DELTA – Delta firefighters will be able to respond to a greater range of medical emergency calls if the Provincial Health Services Authority Board signs a special agreement later this month.
It’s part of Delta’s response to an earthquake preparedness exercise this past April that revealed dire results.
George Harvie, Delta’s chief administration officer, said the “table top” exercise was for a “sizeable” earthquake – 7.3 on the Richter scale.
“We shut it down because we failed,” he said. “And we failed because our resources weren’t able to attend to all the calls that were coming in for assistance. The ambulance wasn’t available, the hospital was full, the tunnel was out.”
The municipal government is consequently trying to address gaps in training.
“We realized we would be significantly on our own,” Harvie said. “Every city will be on their own in a sizeable earthquake.
“That’s why the mayor said we need to push this through, we’ve got to get this done. For us to ignore that, that table-top exercise, designed to show you where your gaps are, it would not be the right thing to do.
“Even our engineering staff are receiving more training,” he said.
The three-year pilot project for Delta’s firefighters, unanimously endorsed by Delta council in September, is set to go before the health services board in three weeks.
The project would see Delta’s firefighters trained in and authorized to provide a level of medical help they are currently prohibited from doing.
“Having our entire fire-fighting force upgraded, up-trained, for in the event of an earthquake is a huge advantage,” Delta Mayor Lois Jackson said.
The idea is for the firefighters, as first responders, to be dispatched to, and tackle more, medical tasks until an ambulance crew arrives to take over.
It’s an idea that’s been considered since at least 2006, but gained momentum after the mock earthquake preparedness exercise.
It takes into account that Delta has six fire halls but only two ambulance stations – one in North Delta and the other in Ladner.
“The ambulance will still get called, it’s just that we want to be there first, recognizing that there’s two ambulance stations,” Harvie explained. “So we’re there to assist at the scene until the ambulance shows up.”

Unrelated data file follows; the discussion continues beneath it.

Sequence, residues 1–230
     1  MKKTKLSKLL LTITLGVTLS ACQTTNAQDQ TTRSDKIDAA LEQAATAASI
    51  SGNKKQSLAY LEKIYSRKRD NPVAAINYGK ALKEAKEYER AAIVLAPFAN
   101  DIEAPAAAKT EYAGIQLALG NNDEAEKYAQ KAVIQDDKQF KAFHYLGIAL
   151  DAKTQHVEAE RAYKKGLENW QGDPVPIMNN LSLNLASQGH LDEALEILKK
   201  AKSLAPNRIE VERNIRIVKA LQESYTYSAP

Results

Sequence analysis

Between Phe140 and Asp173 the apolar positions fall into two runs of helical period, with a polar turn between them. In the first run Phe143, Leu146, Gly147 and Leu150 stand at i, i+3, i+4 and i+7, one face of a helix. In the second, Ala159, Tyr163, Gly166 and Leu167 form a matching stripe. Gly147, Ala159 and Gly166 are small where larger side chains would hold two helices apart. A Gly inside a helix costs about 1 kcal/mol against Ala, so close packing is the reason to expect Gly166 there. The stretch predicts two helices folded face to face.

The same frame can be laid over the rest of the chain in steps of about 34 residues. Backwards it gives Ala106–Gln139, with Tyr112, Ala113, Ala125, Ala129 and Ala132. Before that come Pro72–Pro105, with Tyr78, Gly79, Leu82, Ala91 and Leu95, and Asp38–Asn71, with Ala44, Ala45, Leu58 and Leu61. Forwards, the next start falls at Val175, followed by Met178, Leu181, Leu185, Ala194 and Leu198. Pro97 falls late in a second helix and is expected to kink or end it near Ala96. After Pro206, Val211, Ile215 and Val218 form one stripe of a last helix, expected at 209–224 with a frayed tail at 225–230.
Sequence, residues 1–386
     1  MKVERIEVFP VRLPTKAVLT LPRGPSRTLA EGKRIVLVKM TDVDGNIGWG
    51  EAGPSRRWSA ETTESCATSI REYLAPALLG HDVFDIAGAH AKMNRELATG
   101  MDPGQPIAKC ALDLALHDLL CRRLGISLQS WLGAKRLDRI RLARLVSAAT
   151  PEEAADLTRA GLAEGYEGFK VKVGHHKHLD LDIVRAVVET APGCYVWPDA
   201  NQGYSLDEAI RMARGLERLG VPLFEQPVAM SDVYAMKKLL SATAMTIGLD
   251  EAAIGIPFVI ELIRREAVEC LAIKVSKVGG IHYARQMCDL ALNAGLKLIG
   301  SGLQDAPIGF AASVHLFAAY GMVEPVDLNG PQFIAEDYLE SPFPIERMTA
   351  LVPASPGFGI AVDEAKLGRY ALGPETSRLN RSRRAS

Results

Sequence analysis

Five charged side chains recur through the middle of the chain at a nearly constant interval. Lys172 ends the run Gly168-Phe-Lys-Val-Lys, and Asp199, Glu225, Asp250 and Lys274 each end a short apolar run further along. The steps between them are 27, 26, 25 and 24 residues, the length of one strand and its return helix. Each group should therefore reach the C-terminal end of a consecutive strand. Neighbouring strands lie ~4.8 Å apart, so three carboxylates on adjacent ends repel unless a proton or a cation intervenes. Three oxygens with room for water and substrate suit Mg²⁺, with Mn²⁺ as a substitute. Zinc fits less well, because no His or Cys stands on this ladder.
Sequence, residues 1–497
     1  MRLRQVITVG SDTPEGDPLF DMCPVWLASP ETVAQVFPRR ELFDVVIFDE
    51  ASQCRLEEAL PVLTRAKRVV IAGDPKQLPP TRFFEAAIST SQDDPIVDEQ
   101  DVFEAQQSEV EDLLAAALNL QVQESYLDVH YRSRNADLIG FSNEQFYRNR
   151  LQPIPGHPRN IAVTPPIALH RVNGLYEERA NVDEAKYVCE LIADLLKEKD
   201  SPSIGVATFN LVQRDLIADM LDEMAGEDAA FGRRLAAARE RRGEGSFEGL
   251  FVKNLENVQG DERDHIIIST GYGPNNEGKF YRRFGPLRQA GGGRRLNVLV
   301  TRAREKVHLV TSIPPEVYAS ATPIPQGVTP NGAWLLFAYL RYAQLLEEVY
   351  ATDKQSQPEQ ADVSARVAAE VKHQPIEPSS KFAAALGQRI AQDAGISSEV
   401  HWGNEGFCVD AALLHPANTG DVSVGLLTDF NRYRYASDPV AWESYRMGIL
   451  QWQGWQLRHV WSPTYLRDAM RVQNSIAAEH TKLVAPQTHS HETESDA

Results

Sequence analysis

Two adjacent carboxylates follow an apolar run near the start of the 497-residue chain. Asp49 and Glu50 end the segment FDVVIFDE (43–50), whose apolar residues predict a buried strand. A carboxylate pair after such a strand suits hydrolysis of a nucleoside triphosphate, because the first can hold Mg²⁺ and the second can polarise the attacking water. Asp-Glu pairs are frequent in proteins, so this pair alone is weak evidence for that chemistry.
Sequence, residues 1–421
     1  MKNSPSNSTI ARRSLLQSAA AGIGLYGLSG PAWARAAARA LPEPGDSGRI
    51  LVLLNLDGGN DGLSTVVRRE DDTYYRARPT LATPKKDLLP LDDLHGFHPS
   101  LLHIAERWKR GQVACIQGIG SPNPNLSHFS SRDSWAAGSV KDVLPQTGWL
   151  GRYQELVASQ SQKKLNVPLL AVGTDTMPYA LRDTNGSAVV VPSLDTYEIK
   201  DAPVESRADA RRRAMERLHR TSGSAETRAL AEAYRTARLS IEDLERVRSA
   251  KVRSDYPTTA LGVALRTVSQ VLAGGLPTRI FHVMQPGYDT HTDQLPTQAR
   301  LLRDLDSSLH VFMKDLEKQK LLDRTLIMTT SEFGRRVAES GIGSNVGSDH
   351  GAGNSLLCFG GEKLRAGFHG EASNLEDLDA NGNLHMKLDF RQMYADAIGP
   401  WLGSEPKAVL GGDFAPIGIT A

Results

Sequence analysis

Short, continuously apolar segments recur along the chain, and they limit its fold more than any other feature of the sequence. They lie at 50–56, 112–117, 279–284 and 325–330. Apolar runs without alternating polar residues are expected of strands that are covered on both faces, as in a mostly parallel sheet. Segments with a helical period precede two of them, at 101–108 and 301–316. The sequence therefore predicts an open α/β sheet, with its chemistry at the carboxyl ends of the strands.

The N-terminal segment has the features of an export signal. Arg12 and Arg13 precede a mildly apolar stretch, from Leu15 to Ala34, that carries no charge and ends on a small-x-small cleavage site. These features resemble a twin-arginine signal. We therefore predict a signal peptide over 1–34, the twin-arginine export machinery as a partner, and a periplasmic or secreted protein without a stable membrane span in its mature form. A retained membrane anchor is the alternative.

He said Delta’s firefighters would not be transporting patients.
Nor is the project aimed at replacing ambulance personnel, but rather, aims to help them.
Jackson agreed. “I’m not complaining about ambulance, they’ve got their hands full, but we’re a growing area and traffic is terrible as you know, getting around anywhere, so we’re just going to try to provide a better service at no extra cost,” Jackson said.
“We’re not trying to take their jobs, we’re trying to get to people on the ground who need some help.
“You don’t care who shows up, as long as somebody’s there, and we get there first because we’re closer, and prepare for ambulance to arrive, and then they can compare notes,” Jackson added. “The people pay good
money to be looked after, and we’re going to honour that.”
Delta Fire Chief Dan Copeland said he expects the program to roll out in the middle of December, if approved.
By year’s end, nearly 70 per cent of Delta’s firefighters would be trained to the new emergency medical responder level.
Harvie said the pilot project won’t cost Delta any extra money because the training is already budgeted for.
“This doesn’t cost us anything,” he said. Copeland said the agreement would see firefighters trained to do triage at a scene and monitor patients prior to ambulance arrival.
The agreement would enable Delta firefighters to insert and maintain a nasopharyngeal airway, assess blood pressure by auscultation, use a pulse oximeter, monitor and treat blood glucose levels, administer specific medications, set up a splint for a fracture and assist in childbirth.
“A lot of this stuff is just augmenting what we did before,” Copeland said.
As a result, Jackson said she thinks Delta is “going to probably” have the highest trained firefighters “anywhere that I know of in Canada.”
If the agreement gets the go-ahead, Harvie said, E-Comm – the emergency dispatch service for Metro Vancouver – will activate its automatic dispatch accordingly.
“Unless we’re dispatched we don’t get there, then you have the person that’s sitting concussed on the soccer field, slips and falls on sidewalks, a number of situations, they’re complaining why isn’t the fire department there?” Harvie said.
“In fact, we’ve had people run to the fire hall and ask, ‘Why aren’t you guys coming?'” firstname.lastname@example.org